The Broncos were the orange-headed stepchild of the second-rate AFL. Despite a colorful history -- which included a ghastly brown-and-yellow ensemble they wore in 1960 and will don again in 2009 -- Denver did not enjoy a single winning season during their AFL days. Even Lou Saban, the eminently quotable coach of NFL Films fame, could do little for the organization. He won back-to-back league titles with the Bills in 1964 and 1965, but crashed and burned with the Broncos. Denver enjoyed just two postseason victories (both in 1977) before the arrival of a guy named John Elway in 1983. They've appeared in six Super Bowls, tied with the Patriots for the most by an AFL team, winning two.
The Dolphins were the AFL's first expansion franchise in 1966. After four terrible seasons, Miami made two of the boldest moves in pro football history in the wake of the 1970 AFL-NFL merger. First, it stole Don Shula (inset) from the NFL's Colts. Second, it turned aquamarine into the pigskin power color of the early 1970s. Shula instantly forged the Dolphins into winners, led the franchise to an appearance in Super Bowl VI, victory in Super Bowls VII and VIII and, in 1972, orchestrated the NFL's first and only undefeated season since Curly Lambeau's 1929 Packers.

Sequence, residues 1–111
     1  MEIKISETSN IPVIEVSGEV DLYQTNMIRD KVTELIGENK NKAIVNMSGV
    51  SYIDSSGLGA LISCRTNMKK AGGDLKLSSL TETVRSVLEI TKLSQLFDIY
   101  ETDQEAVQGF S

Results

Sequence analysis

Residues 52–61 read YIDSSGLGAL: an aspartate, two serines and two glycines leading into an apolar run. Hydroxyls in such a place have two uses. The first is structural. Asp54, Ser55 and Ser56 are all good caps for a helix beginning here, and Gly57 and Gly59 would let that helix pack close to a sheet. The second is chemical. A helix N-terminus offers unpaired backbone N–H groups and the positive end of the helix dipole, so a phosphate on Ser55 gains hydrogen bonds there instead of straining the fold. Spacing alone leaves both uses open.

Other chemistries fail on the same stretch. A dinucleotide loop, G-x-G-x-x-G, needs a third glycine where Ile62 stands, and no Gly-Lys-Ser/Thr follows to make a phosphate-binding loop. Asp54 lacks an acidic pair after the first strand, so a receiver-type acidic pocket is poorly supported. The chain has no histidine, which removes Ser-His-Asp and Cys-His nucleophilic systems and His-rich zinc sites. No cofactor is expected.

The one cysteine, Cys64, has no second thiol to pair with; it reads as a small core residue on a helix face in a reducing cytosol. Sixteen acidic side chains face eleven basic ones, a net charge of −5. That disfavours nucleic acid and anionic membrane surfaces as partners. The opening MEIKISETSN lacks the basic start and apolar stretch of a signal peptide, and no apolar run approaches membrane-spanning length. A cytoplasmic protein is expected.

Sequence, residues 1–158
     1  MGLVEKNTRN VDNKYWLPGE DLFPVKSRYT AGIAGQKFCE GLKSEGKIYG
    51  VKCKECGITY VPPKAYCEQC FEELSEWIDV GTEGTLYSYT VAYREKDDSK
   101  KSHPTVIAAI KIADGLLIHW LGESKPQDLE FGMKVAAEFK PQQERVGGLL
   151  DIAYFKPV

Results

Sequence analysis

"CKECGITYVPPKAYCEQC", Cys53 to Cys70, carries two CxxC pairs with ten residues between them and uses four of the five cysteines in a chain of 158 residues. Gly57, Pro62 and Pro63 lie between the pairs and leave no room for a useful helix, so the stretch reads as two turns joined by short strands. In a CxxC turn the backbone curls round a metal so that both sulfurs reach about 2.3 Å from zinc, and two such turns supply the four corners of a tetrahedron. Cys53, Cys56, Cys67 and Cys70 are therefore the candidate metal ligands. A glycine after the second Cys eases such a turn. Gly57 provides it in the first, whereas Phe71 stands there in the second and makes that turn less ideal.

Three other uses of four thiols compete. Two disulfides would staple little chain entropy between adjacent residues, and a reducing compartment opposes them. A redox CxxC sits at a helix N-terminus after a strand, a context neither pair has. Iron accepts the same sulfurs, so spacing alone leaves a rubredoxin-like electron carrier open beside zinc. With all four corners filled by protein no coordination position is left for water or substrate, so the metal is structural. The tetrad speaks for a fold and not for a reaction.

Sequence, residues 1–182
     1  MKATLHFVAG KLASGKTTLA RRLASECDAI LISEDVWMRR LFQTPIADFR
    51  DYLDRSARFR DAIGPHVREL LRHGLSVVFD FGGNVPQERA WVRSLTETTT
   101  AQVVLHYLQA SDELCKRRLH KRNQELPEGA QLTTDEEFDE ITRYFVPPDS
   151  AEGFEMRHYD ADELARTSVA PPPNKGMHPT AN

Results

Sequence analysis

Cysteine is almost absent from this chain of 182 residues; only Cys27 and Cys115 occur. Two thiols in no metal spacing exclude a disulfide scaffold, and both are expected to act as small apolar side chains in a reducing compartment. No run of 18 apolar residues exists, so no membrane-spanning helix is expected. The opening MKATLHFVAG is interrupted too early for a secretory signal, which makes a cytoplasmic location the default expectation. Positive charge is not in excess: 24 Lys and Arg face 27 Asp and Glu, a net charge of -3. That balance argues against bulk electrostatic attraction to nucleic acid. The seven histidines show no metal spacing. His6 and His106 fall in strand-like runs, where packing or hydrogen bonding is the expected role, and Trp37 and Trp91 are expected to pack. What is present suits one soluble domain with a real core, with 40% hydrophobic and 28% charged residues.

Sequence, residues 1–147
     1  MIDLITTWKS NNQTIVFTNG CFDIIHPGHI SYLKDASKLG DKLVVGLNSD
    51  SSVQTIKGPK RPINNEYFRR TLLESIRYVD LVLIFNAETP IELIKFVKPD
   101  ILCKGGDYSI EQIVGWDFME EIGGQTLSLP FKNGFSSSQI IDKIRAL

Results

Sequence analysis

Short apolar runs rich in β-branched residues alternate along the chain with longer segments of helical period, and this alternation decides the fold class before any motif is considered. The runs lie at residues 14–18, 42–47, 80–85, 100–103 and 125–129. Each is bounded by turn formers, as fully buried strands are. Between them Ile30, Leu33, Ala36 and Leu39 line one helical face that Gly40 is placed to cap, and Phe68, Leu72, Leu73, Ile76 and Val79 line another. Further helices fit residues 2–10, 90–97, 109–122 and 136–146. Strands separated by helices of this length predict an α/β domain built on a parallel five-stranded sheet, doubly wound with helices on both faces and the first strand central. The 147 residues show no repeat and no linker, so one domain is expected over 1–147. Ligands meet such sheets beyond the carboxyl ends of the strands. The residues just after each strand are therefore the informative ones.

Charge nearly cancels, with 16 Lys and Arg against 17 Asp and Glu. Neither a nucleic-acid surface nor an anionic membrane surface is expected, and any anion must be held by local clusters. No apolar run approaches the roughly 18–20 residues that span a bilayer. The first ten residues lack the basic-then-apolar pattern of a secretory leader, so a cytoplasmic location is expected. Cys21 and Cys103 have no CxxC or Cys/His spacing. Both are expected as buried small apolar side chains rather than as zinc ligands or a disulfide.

The itinerant Boston Patriots played in four homes (Nickerson Field, Harvard Stadium, Fenway Park and BC's Alumni Stadium) prior to the AFL-NFL merger in 1970. Behind future Hall of Fame linebacker Nick Buoniconti (inset), the Patriots went to the 1963 AFL Championship game. They became the New England Patriots in '71, when their permanent home was built in Foxboro, Mass. The organization was among the most consistent losers in the NFL until Tom Brady stepped on the field in 2001. The Patriots have now appeared in six Super Bowls, tied with Denver for the most by an AFL team, and won three, tied with Oakland for the most by an AFL team.
Los Angeles Chargers
The Chargers, who moved to San Diego after just one season in L.A., appeared in five of the league's first six championship games under the leadership of Hall of Fame coach and innovator Sid Gillman (left). However, they lost four of those five games and history has not been kind to them since: the Chargers have appeared in just one Super Bowl, losing badly to the 49ers in Super Bowl XXIX. Great offensive teams that consistently fall short in the playoffs has been San Diego's hallmark from the days of Gillman in the 1960s, to Dan Fouts in the 1980s, to LaDainian Tomlinson today.
The Bills struggled with mediocrity in the first two AFL seasons, but their fortunes took a sharp turn for the better in 1962, with the arrival of coach Lou Saban, quarterback (and future presidential candidate) Jack Kemp (pictured) and 250-pound power-back Cookie Gilchrist. The trio led the Bills to a playoff game in 1963 and AFL championships in 1964 and 1965. But Buffalo lost to the Chiefs in the 1966 AFL title game, while playing for the right to represent the league in the first Super Bowl. Disappointment has defined the franchise since that loss.